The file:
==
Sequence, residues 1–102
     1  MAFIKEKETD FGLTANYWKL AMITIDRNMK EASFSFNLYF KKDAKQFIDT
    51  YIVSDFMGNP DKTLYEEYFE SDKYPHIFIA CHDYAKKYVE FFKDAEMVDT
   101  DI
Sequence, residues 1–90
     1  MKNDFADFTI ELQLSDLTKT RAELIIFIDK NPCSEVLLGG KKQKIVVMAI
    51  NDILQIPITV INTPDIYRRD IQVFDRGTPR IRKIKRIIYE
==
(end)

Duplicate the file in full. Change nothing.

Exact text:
Sequence, residues 1–102
     1  MAFIKEKETD FGLTANYWKL AMITIDRNMK EASFSFNLYF KKDAKQFIDT
    51  YIVSDFMGNP DKTLYEEYFE SDKYPHIFIA CHDYAKKYVE FFKDAEMVDT
   101  DI
Sequence, residues 1–90
     1  MKNDFADFTI ELQLSDLTKT RAELIIFIDK NPCSEVLLGG KKQKIVVMAI
    51  NDILQIPITV INTPDIYRRD IQVFDRGTPR IRKIKRIIYE